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A saliva test designed to measure the levels of the hormone cortisol, taken four times in a 24-hour period (morning, noon, evening, and nighttime). Recommended with situational stress and fatigue; an indicator of adrenal imbalance.


Canary Club Diurnal Cortisol (Saliva) - 4x

Diurnal Cortisol Saliva 4xSummary: The Canary Club Diurnal Cortisol Home Saliva Kit tests cortisol levels. Test includes: four samples of cortisol collected through saliva (C1, C2, C3, C4).

Price: $125.00

Also known by ZRT Lab Product Name: Diurnal Cortisol


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Symptoms of Hormone Dysfunction

Changed patterns of cortisol levels have been observed in connection with abnormal ACTH levels, clinical depression, psychological stress, and such physiological stressors as hypoglycemia, illness, fever, trauma, surgery, fear, pain, physical exertion or extremes of temperature.

What does the Canary Club Diurnal Cortisol check?

By collecting four samples of your saliva, this test will reveal the level of cortisol (a hormone excreted from your Adrenal gland) throughout a 24-hour period. The amount of cortisol present in your body undergoes diurnal variation, with the highest levels present in the early morning, and the lowest levels present around midnight, or 3-5 hours after the onset of sleep.

There is also significant individual variation, although a given person tends to have consistent rhythms.

Factors affecting Cortisol levels

  • Caffeine may increase cortisol levels.
  • Sleep deprivation increases cortisol levels.
  • Intense (high VO2 max) or prolonged physical exercise stimulate cortisol release in order to increase gluconeogenesis and maintain blood glucose. Proper nutrition and high-level conditioning can help stabilize cortisol release.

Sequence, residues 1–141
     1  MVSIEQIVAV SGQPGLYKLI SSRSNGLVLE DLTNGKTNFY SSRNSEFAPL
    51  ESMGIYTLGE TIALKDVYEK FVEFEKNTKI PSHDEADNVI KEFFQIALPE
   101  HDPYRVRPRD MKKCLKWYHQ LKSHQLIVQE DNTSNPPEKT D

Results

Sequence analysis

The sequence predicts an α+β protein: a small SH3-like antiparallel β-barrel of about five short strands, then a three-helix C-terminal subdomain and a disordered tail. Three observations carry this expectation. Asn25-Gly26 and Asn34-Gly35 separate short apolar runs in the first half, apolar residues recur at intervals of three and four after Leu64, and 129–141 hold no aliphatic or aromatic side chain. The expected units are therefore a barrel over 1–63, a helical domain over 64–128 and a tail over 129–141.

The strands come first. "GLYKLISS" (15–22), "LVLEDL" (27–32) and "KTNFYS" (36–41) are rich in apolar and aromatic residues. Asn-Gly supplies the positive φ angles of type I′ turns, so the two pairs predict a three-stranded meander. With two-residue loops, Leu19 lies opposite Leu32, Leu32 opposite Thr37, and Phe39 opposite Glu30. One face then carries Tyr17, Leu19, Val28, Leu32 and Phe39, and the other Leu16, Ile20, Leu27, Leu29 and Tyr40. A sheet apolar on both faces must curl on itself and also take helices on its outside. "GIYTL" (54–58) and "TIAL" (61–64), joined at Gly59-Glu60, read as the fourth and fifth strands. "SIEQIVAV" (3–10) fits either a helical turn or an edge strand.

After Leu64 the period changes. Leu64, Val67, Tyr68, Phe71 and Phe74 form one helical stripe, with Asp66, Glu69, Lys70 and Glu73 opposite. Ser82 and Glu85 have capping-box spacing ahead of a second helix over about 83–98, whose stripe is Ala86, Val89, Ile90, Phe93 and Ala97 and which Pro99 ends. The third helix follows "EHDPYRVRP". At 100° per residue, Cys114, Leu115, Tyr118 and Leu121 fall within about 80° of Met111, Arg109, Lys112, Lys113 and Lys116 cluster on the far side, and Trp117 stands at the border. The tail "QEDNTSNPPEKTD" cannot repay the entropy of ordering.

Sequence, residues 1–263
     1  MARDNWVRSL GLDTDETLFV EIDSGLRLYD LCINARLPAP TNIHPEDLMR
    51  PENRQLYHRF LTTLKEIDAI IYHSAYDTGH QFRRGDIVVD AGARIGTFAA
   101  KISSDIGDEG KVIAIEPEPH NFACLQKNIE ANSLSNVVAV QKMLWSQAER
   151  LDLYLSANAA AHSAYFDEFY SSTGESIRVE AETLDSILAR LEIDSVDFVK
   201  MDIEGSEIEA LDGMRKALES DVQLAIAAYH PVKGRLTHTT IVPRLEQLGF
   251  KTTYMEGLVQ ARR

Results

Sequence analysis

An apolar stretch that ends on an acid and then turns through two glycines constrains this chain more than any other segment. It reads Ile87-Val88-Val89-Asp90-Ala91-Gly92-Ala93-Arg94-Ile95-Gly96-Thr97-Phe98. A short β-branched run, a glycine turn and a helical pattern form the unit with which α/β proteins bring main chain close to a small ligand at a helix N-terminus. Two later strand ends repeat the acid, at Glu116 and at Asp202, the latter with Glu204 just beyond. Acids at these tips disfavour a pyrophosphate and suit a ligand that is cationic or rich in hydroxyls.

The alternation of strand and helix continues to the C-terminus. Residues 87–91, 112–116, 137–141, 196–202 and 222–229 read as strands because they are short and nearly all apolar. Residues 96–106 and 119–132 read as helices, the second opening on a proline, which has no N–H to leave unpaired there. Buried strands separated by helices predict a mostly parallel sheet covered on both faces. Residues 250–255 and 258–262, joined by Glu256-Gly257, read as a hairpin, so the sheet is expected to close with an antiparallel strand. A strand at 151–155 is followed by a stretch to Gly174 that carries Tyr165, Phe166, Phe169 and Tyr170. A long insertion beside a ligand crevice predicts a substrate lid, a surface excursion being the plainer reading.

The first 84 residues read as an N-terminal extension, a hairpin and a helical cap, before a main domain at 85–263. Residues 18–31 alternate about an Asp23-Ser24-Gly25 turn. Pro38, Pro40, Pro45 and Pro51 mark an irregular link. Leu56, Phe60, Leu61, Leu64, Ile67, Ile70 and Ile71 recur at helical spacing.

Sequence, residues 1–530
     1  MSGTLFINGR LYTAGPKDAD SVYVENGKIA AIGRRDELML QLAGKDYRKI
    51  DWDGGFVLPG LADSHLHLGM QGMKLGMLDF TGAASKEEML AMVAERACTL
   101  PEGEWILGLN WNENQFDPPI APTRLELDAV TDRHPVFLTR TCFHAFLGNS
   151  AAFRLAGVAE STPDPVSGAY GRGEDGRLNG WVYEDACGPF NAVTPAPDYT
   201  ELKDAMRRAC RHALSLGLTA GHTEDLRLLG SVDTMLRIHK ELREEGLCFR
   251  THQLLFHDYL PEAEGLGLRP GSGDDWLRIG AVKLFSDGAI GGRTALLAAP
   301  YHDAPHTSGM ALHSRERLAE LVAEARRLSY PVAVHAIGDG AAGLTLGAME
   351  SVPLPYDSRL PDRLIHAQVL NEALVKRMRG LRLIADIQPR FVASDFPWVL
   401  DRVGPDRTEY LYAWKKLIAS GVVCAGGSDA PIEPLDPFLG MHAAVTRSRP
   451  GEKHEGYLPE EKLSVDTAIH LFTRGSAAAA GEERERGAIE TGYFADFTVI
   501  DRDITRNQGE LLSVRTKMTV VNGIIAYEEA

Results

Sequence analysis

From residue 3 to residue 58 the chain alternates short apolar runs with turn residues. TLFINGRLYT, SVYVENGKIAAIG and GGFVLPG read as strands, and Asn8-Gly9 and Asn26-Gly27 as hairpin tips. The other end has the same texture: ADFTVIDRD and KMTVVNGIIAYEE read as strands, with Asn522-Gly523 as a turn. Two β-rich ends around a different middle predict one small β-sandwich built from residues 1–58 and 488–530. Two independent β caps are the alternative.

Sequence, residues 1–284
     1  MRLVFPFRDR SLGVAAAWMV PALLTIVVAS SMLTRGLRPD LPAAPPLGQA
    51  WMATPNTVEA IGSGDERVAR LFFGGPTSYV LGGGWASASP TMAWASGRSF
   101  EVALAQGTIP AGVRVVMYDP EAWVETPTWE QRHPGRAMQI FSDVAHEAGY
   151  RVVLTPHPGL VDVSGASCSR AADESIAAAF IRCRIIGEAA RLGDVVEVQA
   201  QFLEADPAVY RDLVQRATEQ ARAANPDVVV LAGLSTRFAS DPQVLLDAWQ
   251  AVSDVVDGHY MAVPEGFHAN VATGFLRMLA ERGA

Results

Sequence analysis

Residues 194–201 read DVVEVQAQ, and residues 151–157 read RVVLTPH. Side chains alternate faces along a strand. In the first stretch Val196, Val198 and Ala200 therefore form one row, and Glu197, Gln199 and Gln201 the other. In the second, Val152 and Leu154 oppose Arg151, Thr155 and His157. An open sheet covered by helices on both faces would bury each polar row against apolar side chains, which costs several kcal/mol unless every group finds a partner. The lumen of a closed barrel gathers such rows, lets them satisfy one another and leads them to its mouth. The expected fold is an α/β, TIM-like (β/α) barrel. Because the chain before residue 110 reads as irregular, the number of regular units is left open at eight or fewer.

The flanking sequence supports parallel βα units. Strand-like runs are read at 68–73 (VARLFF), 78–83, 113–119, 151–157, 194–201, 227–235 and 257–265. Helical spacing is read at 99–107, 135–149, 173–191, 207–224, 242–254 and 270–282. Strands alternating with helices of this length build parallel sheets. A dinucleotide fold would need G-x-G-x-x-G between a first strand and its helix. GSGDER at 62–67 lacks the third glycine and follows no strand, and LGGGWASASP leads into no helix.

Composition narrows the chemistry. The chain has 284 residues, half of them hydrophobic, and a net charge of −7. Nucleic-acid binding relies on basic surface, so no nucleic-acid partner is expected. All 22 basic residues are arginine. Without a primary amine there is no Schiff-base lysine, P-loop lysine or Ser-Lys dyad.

• Val/Val variation of the BDNF gene in men, and the Val/Met variation in women is associated with increased salivary cortisol in a stressful situation.
  • Magnesium supplementation decreases serum cortisol levels after aerobic exercise, but not in resistance training.
  • Omega 3 fatty acids, in a dose dependent manner, can lower cortisol release influenced by mental stress by suppressing the synthesis of interleukin-1 and 6 and enhance the synthesis of interleukin-2, where the former promote higher CRH release. Omega 6 fatty acids, on the other hand, acts inversely on interleukin synthesis.
  • Hypoestrogenism and melatonin supplementation increases cortisol levels in postmenopausal women.
  • Burnout is associated with higher cortisol levels.
  • Music therapy can reduce cortisol levels in certain situations.
  • Massage therapy can reduce cortisol.
  • Anticipating laugh, like when just hanging out with a funny friend, where some funny situation is expected, can reduce cortisol levels.
  • Subcutaneous adipose tissue regenerates cortisol from cortisone.
  • Makeup reduces cortisol levels in a mental stress situation.
  • Anorexia nervosa increases cortisol levels.
  • Black tea may speed up recovery from a high cortisol condition.
  • The serotonin receptor gene 5HTR2C is associated with increased cortisol production in men.
  • Soy derived Phosphatidylserine interacts with cortisol but the right dosage is still unclear.
  • Vitamin C may slightly blunt cortisol release in response to a mental stressor.
  • Oral contraceptives increase cortisol levels in young women which perform whole-body resistance exercise training.
  • Commuting increases cortisol levels, related to the length of the trip, the amount of effort involved and the predictability of the trip.

Knowledge is the key to wellness